But when I reached the well-known door and raised the familiar knocker—a fist clutching a cast-iron wreath—in my trembling fingers, there were no sounds of festivity within; the house was dark and deserted.

I waited in the bitter January air; the street lamp opposite—the identical one under which Lurana had first agreed to marry me—flickered at every gust of the night wind, as though troubled on my account. They must have transferred the feast to the Circus, or to some adjacent restaurant; evidently there was no one there.

I was just turning hopelessly away, when I heard the bolt being withdrawn, and the door was opened by a maid.

"Where is your mistress?" I asked[Pg 110] breathlessly. I could not bring myself to ask for Lurana as Mrs Onion.

"In the drawing-room, upstairs," was the unexpected reply, "with the 'istericks."

So long as she was not with Niono, I cared little; I bounded up, and found her alone.

As I entered, she raised her flushed, tear-stained face from the shabby sofa on which she had thrown herself. "Go away!" she cried, "why do you come near me now? You have no right—do you hear?—no right!"

"I know," I said humbly enough, "I deserve this, no doubt; and yet, if you knew all, you would find excuses for me, Lurana!"

"None, Theodore," she said; "if you had really loved me, you would never have deserted me!"

"I could not help myself," I retorted; "and really, Lurana, if it comes to desertion——!"

"Ah, what is the use of wrangling about whose fault it was," she moaned,[Pg 111] "now, when we have both wrecked our lives! At least, I know I've wrecked mine! Why was I so insane as to set my heart on our being married in a den of disgusting lions? If you had only been firmer, Theodore, instead of giving way as you did!"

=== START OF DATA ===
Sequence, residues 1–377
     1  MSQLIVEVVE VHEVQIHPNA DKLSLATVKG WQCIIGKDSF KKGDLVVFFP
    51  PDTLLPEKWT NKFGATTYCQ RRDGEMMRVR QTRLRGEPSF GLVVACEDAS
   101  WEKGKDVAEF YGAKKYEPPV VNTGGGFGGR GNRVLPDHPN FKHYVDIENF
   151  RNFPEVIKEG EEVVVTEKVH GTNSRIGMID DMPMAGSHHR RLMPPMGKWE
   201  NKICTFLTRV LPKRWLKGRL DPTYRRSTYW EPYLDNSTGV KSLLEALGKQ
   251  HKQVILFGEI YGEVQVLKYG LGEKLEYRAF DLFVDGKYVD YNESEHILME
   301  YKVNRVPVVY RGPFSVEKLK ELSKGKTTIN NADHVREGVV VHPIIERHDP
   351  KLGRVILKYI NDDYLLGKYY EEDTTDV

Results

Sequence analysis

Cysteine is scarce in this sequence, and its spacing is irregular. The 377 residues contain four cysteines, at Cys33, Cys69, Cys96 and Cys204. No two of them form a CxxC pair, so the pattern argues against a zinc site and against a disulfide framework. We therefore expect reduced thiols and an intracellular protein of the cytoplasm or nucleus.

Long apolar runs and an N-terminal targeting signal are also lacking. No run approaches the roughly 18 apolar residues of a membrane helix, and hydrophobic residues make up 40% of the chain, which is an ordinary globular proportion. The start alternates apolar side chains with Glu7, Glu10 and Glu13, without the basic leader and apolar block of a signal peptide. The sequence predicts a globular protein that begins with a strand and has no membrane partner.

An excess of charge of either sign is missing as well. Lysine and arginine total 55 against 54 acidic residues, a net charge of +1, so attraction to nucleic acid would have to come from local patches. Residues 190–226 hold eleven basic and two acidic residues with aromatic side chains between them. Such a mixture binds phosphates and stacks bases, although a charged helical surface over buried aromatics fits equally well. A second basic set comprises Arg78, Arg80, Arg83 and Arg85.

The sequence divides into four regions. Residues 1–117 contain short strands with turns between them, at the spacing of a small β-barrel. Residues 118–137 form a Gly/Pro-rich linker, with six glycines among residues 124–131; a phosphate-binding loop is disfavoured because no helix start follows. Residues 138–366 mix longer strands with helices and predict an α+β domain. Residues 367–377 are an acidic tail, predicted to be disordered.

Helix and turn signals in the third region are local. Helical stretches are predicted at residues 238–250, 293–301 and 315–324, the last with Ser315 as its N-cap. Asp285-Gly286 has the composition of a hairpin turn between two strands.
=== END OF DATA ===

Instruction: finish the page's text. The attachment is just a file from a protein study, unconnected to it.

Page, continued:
"At least it was not cowardice," I said. "When I show you the state of my chin——"

"Theodore!" she cried, with a little scream, "you are hurt! Tell me; was it the tiger?"

"It was not the tiger," I said. "Never mind that now. I was betrayed by that infernal Onion, Lurana. I never knew till it was too late—you do believe me, don't you?"

"I do; we were both deceived, Theodore. I should never have acted as I did if that horrid Frenchwoman hadn't told me—Oh, what would I not give if all this had never been?"

"If you are truly sincere," I began, "in wishing this unlucky marriage cancelled——"

[Pg 112]

"If I am! Are you, Theodore? Oh, if only there is a way!"

"There may be, Lurana. It all depends on whether my name was used at the ceremony or not. Try to recollect and tell me."

"But I can't, Theodore. You were there—you must know!"

"Mr Skipworth wouldn't speak up; and I was much farther away than you were."

"Than I was, Theodore! But—but I wasn't there at all!"

"Not present at your own wedding?" I cried, "but I saw you!"

"It was not me!" she said, "it was Mlle. Léonie. Is it possible you didn't know?"

My heart leaped. "For heaven's sake, explain, Lurana; let us have no more concealments."